WHEN EMPLOYERS DO NOT COMPETE, BOTH EMPLOYEES AND CONSUMERS ARE AFFECTED
What benefits does an open, competitive labour market provide, and why shouldn't employers negotiate among themselves regarding employees' working conditions? Answers to these and other questions are provided in the guidance which the Competition Council has sent to the most important organisations that unite employers and employees.
Companies must compete not only by selling or acquiring various goods and providing services but also by seeking to attract or retain employees. Agreements among employers not to compete for employees' working conditions, such as not hiring each other's staff or agreeing not to increase wages or provide other benefits, as stated in the guidance, can significantly restrict competition.
Such agreements primarily have a negative impact on employees: their opportunities to negotiate higher wages and more favourable working conditions diminish and the chances of individuals finding a job that aligns with their interests and abilities decrease.
Companies are prohibited from restricting competition in the labour markets, even if this is aimed at reducing operating costs, which may be relevant to the Lithuanian economy during a recession. While an agreement between companies on, for example, fixing wages may reduce costs in the short term, in the long run, the participants in such an agreement will not be able to increase production or develop innovations necessary to establish themselves in new markets or implement expansion plans in markets where they already operate. Consequently, consumers may lose the opportunity to purchase more innovative and higher-quality products from these companies.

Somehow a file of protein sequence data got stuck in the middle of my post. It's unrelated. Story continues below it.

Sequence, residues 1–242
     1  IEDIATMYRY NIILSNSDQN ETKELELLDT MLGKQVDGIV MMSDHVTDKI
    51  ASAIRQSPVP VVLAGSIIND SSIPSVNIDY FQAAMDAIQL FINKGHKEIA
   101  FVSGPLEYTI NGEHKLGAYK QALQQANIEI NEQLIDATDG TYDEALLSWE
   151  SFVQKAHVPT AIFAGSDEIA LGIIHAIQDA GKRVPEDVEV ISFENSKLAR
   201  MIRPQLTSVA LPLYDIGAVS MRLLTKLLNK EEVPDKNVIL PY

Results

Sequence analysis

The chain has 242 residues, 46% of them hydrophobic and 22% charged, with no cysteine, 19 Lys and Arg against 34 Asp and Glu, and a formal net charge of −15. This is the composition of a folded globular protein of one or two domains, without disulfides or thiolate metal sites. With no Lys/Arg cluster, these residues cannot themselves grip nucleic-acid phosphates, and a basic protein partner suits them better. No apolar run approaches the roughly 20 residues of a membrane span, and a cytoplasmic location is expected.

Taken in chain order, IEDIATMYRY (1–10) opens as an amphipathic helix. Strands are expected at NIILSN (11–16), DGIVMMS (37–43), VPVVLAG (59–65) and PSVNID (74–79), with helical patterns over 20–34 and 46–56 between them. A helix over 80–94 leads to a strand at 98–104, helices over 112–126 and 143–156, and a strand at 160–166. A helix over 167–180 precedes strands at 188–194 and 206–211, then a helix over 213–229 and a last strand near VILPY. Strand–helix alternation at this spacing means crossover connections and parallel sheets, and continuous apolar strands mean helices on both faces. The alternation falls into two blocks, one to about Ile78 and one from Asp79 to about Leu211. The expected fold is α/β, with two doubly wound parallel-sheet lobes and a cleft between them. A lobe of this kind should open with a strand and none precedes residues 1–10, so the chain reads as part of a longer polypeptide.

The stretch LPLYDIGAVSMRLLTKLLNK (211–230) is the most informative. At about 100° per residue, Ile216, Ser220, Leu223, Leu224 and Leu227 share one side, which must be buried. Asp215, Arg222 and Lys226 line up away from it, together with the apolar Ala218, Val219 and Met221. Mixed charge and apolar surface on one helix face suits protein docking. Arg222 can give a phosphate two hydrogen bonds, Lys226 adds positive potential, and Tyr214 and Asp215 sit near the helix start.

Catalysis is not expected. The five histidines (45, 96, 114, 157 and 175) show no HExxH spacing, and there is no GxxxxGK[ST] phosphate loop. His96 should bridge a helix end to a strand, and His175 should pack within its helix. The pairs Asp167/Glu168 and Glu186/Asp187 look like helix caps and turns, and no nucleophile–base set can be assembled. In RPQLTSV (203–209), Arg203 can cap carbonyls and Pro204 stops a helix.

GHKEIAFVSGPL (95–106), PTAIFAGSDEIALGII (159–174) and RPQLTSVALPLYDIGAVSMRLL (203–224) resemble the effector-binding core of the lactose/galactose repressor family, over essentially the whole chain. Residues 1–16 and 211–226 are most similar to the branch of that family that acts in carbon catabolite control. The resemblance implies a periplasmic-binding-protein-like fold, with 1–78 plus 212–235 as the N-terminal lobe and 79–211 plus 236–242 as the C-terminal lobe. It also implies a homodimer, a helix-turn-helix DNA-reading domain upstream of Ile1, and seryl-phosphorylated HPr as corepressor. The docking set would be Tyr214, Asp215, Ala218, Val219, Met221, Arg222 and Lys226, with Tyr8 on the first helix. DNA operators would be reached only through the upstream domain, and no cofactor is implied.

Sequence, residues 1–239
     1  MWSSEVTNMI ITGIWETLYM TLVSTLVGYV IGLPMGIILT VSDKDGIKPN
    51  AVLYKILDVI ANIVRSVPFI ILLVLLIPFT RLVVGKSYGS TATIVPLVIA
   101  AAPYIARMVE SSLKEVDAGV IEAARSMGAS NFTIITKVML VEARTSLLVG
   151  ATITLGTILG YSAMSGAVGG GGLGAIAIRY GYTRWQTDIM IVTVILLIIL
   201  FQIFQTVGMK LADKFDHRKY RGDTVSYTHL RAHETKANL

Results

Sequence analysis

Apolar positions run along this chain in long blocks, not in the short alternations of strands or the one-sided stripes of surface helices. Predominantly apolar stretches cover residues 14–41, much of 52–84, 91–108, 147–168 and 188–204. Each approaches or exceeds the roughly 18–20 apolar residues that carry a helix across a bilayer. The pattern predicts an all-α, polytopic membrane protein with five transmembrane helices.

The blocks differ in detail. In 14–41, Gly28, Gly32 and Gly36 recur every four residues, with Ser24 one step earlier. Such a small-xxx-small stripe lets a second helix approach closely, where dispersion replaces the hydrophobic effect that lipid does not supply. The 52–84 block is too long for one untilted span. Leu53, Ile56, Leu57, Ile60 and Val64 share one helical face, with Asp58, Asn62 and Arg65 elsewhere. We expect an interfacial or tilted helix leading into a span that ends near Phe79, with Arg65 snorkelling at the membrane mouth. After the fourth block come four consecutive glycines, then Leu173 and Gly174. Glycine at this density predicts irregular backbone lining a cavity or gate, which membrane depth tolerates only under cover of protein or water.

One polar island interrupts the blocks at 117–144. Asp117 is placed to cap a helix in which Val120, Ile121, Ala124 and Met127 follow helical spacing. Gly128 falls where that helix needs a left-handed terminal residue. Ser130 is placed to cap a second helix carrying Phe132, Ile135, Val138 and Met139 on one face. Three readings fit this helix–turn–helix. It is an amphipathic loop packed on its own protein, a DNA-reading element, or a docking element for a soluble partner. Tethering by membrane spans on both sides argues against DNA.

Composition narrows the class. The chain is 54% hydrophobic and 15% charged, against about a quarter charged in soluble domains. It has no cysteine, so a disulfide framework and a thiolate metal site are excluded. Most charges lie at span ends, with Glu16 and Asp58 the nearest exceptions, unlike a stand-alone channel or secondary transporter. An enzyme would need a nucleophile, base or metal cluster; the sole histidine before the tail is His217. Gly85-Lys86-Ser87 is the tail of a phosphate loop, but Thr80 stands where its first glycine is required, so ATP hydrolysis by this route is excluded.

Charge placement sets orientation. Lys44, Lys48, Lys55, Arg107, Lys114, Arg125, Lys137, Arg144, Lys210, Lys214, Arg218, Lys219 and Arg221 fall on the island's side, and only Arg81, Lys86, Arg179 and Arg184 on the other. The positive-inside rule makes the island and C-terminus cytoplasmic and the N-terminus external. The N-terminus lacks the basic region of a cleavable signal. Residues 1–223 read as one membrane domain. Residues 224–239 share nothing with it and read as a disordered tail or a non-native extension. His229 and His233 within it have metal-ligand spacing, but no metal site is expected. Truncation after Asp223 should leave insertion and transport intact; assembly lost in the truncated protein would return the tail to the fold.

"A competitive labour market in which employers compete for employees by offering them the most attractive working conditions ensures employees mobility, enhances their bargaining power, and provides opportunities to obtain better wages. It also encourages employers to invest in human capital. The position of companies in the market, the range of goods and services offered, quality, price, implemented innovations, and their scope depend on how well employers can attract and retain qualified employees," said Irma Urmonaitė, Deputy Chairperson of the Competition Council.
The guidance also present examples of agreements that restrict competition in labour markets, explains how to avoid them, what employers should do if they are about to be involved in illegal agreements regarding employees, and what to do if they become participants in a prohibited agreement or become aware of such an agreement.
The document reminds that employers who enter into such agreements may face fines of up to 10% of their annual worldwide revenue, and company executives may be held personally responsible, with their right to hold managerial positions restricted for up to five years and an additional fine of up to 14,481 euros imposed.
Restrictions on competition in the labour market are one of the sectoral priorities of the Competition Council. The Authority aims to detect or prevent infringements by educating business community about the prohibitions provided in the Law on Competition.